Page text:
Separating a liquid from it's co-existing gas inside a liquid-pipe can be a bit tricky. This wiki author has only found three ways to do this, but there could be more.
A) Use an Evaporation Chamber to move only the liquid, then use heat to get that liquid out of that Chamber, then cool it down to get the liquid back.
B) Use an Evaporation Chamber with the handle on the front side open. This will dump all contents (liquids too) into the atmosphere around the Chamber. When this is done in a small (1x1x1) room, Passive Liquid Inlets can be used to recapture the dumped liquid.
C) An Evaporation Valve can move just the liquid out, but only through a gas-pipe so it's very easy to damage that gas-pipe (unless using an exploit, see "Pipe damage" above).

1) (condensation) The atmosphere on Mars contains CO2, N2, O2 and Pollutant. At day-time temperatures, only the Pollutant will be below its "Max liquid temperature" (152°C at 6MPa) so it's the only gas that can condense into a liquid. Pressurizing atmospheric gas collected during the day (to roughly 4MPa or above) will force all of the Pollutant to condensate into liquid, a Passive Liquid Drain can then remove that liquid. The remaining gases are now free from toxins and safe to use in a greenhouse without further purification.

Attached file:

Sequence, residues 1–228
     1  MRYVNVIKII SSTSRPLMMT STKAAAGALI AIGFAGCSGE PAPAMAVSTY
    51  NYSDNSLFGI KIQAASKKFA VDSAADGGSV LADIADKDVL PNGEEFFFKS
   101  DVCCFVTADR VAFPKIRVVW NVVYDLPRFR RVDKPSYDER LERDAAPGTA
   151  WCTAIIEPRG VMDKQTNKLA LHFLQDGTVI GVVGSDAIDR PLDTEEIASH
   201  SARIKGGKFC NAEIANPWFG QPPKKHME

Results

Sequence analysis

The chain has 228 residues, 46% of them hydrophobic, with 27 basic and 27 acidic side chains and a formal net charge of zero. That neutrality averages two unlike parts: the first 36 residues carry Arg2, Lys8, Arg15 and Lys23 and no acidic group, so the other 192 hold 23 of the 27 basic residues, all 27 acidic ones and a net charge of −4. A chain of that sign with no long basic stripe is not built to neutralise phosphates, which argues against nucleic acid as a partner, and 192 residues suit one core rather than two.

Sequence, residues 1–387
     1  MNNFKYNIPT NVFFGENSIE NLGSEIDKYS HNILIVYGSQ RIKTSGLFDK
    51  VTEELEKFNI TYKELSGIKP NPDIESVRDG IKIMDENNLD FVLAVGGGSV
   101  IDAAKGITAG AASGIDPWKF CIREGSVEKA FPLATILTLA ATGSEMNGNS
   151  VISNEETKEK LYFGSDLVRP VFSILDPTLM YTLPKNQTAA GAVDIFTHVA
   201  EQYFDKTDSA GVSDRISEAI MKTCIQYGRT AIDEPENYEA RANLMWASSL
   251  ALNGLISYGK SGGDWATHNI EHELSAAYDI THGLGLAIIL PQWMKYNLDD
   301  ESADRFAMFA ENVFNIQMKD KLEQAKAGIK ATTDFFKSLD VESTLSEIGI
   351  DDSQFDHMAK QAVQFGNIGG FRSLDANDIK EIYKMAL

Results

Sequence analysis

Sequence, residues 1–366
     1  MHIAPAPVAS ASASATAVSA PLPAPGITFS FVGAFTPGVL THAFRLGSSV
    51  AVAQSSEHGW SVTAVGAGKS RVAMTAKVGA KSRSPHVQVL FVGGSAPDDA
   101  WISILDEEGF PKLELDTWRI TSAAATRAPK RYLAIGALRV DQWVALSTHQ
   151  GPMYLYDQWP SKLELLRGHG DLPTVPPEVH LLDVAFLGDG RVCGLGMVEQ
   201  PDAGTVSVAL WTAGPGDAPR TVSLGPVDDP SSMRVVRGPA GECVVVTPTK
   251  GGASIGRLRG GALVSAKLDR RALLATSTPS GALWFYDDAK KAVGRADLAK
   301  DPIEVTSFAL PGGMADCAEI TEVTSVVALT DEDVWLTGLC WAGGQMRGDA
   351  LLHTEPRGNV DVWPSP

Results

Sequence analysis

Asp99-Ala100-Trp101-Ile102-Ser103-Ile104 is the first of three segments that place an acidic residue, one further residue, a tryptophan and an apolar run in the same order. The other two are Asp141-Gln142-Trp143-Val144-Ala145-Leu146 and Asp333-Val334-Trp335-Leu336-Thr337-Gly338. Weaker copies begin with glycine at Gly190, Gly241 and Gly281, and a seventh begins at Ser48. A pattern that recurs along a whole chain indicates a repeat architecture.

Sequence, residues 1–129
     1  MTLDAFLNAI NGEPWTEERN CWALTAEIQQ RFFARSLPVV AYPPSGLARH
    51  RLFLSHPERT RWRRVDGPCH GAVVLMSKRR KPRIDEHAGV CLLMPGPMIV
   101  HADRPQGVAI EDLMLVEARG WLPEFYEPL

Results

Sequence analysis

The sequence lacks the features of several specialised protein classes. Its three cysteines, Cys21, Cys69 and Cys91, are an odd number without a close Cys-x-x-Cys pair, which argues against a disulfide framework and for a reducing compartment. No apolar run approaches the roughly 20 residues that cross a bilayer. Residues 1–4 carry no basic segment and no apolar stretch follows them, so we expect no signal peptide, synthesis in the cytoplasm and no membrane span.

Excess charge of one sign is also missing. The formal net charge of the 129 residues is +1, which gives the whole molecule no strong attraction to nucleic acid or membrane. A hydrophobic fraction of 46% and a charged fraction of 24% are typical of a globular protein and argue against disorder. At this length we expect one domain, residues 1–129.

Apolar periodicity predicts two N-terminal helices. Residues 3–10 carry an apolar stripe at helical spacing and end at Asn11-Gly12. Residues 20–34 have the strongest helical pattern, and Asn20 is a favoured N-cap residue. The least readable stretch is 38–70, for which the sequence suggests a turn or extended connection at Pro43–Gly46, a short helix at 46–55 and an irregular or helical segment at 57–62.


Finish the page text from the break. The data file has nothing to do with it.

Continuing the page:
Phase change mars atmosphere.jpg

2) (distillation) A liquid mix of N2O and Pollutant can be separated via a distillation that only evaporates the Pollutant. When comparing the "Vapor pressures" of N2O and Pollutant one can see that for each temperature the Pollutant will always have the higher "Vapor pressure" value. With a Purge Valve or Evaporation Chamber it's possible to keep the pressure above the N2O's "Vapor pressure" and below the Pollutants, which means that only the Pollutant will be able to evaporate. When all the liquid Pollutant has been removed, only Pollutant gas and liquid N2O will remain, remove just the liquid phase.

Dealing with extremely cold pipes